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The Legacy New Document Dialog Box In Photoshop CC

The Legacy New Document Dialog Box In Photoshop CC

In a previous tutorial, we learned all about the completely redesigned New Document dialog box in Photoshop CC 2017 and how to use it to create new Photoshop documents. While many of us will see the redesign as an improvement, not everyone will agree.

Long-time Photoshop users may prefer the smaller, more compact layout of the original New Document dialog box. Even if you’re new to Photoshop, you may want to try both versions (the redesign and the original) to see which one you like best.

Thankfully, the original New Document dialog box is still around in Photoshop CC 2017. Adobe now calls it the “legacy” New Document dialog box, and in this tutorial, we’ll learn how to easily switch between the redesigned version and the legacy version. We’ll also take a quick look at how the legacy version works. Let’s get started!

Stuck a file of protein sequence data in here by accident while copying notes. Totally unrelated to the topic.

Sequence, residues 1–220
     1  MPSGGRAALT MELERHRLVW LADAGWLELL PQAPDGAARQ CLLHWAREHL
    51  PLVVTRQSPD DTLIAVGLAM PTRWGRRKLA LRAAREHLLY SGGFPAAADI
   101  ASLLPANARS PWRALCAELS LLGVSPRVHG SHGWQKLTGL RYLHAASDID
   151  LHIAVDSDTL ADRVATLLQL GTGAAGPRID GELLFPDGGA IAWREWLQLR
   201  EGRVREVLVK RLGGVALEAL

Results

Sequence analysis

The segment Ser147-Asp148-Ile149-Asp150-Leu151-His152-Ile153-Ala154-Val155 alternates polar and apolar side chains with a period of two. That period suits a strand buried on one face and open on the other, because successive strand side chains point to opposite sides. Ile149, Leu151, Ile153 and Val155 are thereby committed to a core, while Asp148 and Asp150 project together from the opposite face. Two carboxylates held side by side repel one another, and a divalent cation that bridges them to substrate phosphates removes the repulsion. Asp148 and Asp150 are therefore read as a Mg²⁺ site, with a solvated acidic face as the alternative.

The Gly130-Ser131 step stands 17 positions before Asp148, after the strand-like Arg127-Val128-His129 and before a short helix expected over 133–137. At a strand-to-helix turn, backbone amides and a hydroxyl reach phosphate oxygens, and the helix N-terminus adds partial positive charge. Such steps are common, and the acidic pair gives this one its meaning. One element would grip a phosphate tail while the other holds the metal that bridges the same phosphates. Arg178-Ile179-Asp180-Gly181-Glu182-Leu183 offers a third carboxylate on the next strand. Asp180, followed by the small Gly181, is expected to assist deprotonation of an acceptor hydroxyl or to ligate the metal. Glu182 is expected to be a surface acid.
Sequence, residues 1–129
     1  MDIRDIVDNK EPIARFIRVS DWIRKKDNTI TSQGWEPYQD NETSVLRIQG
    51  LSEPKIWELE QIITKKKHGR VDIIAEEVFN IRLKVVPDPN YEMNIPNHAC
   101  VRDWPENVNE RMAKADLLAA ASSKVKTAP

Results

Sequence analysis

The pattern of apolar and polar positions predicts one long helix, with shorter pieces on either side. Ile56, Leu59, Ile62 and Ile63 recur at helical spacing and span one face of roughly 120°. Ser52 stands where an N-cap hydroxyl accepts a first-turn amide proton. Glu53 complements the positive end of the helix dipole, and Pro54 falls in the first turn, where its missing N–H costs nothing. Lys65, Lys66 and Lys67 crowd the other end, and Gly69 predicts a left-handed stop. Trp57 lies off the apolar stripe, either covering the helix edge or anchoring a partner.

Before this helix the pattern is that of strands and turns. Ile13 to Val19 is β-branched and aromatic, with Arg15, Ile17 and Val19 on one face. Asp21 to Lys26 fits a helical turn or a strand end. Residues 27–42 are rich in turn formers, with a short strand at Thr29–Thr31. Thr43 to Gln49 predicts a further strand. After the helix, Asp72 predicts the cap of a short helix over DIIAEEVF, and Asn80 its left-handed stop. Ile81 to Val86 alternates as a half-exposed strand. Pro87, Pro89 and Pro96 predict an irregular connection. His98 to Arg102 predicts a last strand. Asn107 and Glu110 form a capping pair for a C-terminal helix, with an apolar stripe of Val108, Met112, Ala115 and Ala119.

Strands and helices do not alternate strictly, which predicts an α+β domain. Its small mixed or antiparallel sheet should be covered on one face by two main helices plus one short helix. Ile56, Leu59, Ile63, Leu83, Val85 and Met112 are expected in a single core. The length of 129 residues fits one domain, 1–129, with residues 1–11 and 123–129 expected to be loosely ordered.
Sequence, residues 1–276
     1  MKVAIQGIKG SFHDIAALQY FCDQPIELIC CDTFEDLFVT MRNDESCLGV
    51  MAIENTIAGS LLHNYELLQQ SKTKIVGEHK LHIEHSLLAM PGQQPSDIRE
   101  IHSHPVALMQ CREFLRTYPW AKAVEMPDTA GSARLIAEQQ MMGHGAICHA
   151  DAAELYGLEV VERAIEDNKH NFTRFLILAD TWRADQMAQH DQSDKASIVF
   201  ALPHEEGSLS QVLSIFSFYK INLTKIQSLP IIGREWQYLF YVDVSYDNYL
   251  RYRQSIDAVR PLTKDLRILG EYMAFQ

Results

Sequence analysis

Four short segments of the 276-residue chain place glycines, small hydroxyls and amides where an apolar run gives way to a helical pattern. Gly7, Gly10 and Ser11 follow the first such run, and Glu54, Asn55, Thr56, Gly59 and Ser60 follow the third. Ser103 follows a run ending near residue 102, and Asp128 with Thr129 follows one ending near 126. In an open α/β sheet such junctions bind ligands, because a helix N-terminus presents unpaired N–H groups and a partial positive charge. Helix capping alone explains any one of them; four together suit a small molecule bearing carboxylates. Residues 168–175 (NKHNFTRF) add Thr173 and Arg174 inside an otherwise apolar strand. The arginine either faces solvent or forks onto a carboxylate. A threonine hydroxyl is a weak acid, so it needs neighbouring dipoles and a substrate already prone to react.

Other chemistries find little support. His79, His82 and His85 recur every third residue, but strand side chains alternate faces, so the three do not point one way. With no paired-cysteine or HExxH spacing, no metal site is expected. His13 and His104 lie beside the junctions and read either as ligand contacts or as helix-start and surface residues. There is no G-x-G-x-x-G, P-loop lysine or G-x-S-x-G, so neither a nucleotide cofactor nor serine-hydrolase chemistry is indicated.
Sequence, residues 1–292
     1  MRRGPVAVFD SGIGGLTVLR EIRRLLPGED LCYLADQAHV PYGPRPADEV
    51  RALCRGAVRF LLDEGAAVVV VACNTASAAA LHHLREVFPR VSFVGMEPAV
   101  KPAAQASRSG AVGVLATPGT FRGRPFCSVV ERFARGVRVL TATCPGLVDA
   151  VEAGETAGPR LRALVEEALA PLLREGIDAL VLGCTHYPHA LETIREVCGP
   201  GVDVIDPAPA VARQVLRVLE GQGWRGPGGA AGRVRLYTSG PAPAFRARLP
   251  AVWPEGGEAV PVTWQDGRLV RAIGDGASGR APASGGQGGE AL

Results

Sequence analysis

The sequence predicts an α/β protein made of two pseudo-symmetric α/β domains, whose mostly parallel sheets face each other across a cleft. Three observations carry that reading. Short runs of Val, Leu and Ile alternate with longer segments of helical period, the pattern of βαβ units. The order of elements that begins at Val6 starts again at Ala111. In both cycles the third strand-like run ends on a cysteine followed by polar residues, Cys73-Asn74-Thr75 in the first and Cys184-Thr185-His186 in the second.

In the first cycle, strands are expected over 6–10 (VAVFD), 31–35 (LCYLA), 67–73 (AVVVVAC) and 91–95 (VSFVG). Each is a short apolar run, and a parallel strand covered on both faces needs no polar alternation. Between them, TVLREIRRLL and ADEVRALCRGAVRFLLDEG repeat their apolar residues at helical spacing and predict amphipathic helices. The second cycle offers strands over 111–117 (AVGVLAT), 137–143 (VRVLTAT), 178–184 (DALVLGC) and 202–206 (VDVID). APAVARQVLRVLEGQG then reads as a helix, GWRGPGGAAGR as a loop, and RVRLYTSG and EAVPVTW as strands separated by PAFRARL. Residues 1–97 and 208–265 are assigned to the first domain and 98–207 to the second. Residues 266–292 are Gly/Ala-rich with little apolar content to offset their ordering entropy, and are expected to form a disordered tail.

The New And Improved Image Size Dialog Box In Photoshop CC

In this series of tutorials, we’ll learn how to resize images in Photoshop CC (Creative Cloud). We’ll start here with a quick overview of Photoshop CC’s newly redesigned Image Size dialog box, a welcome improvement over previous versions. Then, in the next tutorials, we’ll learn how to both resize and resample images, as well as the important difference between the two.

We’ll also look at Photoshop CC’s image interpolation options, including a brand new one designed to keep our images looking crisp and sharp when we enlarge them, something previous versions of Photoshop have really struggled with.